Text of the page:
Mr Spraggon's Embassy

When Mr Sponge returned, all dirtied and stained, from the chase, he found his host sitting in an armchair over the study fire, dressing-gowned and slippered, with a pocket-handkerchief tied about his head, shamming illness, preparatory to putting off Mr Spraggon. To be sure he played rather a better knife and fork at dinner than is usual with persons with that peculiar ailment; but Mr Sponge, being very hungry, and well attended to by the fair -- moreover, not suspecting any ulterior design -- just ate and jabbered away as usual, with the exception of omitting his sick papa-in-law in the round of his observations. So the dinner passed over.

‘Bring me a tumbler and some hot water and sugar;’ said Mr Jawleyford, pressing his head against his hand, as Spigot, having placed some bottle ends on the table, and reduced the glare of light, was preparing to retire. ‘Bring me some hot water and sugar,’ said he; ‘and tell Harry he will have to go over to Lord Scamperdale’s, with a note, the first thing in the morning.’

The young ladies looked at each other, and then at mamma, who, seeing what was wanted, looked at papa, and asked ‘if he was going to ask Lord Scamperdale over?’ Amelia, among her many ‘presentiments,’ had long enjoyed one that she was destined to be Lady Scamperdale.

‘No -- over -- no,’ snapped Jawleyford; ‘what should put that in your head?’

‘Oh, I thought as Mr Sponge was here, you might think it a good time to ask him.’

‘His lordship knows he can come when he likes,’ replied Jawleyford; adding, ‘it’s to put that Mr John Spraggon off, who thinks he may do the same.’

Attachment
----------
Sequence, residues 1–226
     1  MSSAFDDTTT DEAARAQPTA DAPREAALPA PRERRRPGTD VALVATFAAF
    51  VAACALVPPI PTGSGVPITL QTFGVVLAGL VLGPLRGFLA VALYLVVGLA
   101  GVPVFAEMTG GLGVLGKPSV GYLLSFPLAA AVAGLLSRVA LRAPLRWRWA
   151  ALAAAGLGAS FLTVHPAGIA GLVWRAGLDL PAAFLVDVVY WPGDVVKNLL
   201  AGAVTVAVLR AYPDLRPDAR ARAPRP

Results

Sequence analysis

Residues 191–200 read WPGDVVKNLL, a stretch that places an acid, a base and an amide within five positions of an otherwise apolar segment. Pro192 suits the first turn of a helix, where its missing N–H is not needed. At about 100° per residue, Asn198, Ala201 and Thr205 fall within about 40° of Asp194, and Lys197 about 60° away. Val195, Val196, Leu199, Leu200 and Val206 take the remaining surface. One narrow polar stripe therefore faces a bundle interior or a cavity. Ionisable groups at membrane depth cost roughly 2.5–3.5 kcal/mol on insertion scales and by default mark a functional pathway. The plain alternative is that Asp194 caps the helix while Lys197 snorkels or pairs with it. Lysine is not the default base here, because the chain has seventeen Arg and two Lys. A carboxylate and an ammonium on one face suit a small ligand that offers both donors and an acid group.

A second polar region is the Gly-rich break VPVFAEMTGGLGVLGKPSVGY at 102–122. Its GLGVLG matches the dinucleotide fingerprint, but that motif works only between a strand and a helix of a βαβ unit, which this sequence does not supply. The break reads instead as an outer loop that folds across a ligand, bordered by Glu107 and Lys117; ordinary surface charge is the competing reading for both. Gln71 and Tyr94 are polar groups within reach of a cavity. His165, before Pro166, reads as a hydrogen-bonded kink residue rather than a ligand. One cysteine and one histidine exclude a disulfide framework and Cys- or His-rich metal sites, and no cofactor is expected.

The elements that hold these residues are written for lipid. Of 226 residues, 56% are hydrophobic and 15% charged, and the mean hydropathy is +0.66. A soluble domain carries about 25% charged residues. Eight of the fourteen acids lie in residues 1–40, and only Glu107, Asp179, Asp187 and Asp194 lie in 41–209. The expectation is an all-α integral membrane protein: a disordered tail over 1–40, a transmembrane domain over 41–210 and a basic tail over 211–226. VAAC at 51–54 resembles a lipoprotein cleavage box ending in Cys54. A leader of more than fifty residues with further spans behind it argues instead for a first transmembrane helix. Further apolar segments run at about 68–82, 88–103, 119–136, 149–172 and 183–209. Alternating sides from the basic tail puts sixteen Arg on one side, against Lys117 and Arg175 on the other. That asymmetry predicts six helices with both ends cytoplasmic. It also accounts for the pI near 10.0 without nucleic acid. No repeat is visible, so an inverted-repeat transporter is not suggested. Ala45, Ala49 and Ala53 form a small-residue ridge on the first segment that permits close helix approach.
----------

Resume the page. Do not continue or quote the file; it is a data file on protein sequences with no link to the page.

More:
‘Mr Spraggon!’ exclaimed both the young ladies. ‘Mr Spraggon! -- what should set him here?’

‘What, indeed?’ asked Jawleyford.

‘Poor man! I dare say there’s no harm in him,’ observed Mrs Jawleyford, who was always ready for anybody.

‘No good either,’ replied Jawleyford -- ‘at all events, we’ll be just as well without him. You know him, don’t you?’ added he, turning to Sponge -- ‘great coarse man in spectacles.’

‘Oh yes, I know him,’ replied Sponge; ‘a great ruffian he is, too,’ added he.

‘One ought to be in robust health to encounter such a man,’ observed Jawleyford, ‘and have time to get a man or two of the same sort to meet him. We can do nothing with such a man. I can’t understand how his lordship puts up with such a fellow.’

‘Finds him useful, I suppose,’ observed Mr Sponge.

Spigot presently appeared with a massive silver salver, bearing tumblers, sugar, lemon, nutmeg, and other implements of negus.

‘Will you join me in a little wine-and-water?’ asked Jawleyford, pointing to the apparatus and bottle ends, ‘or will you have a fresh bottle? -- plenty in the cellar,’ added he, with a flourish of his hand, though he kept looking steadfastly at the negus-tray.

‘Oh -- why -- I’m afraid -- I doubt -- I think I should hardly be able to do justice to a bottle single-handed,’ replied Sponge.

‘Then have negus,’ said Jawleyford; ‘you’ll find it very refreshing; medical men recommend it after violent exercise in preference to wine. But pray have wine if you prefer it.’

‘Ah -- well, I’ll finish it off with a little negus, perhaps,’ replied Sponge; adding, ‘meanwhile the ladies, I dare say, would like a little wine.’

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